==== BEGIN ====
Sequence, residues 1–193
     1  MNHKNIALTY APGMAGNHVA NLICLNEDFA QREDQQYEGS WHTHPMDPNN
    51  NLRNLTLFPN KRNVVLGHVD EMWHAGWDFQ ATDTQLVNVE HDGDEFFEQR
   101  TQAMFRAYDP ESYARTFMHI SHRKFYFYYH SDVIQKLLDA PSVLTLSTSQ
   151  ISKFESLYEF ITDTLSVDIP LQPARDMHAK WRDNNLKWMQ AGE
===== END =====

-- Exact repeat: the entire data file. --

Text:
Sequence, residues 1–193
     1  MNHKNIALTY APGMAGNHVA NLICLNEDFA QREDQQYEGS WHTHPMDPNN
    51  NLRNLTLFPN KRNVVLGHVD EMWHAGWDFQ ATDTQLVNVE HDGDEFFEQR
   101  TQAMFRAYDP ESYARTFMHI SHRKFYFYYH SDVIQKLLDA PSVLTLSTSQ
   151  ISKFESLYEF ITDTLSVDIP LQPARDMHAK WRDNNLKWMQ AGE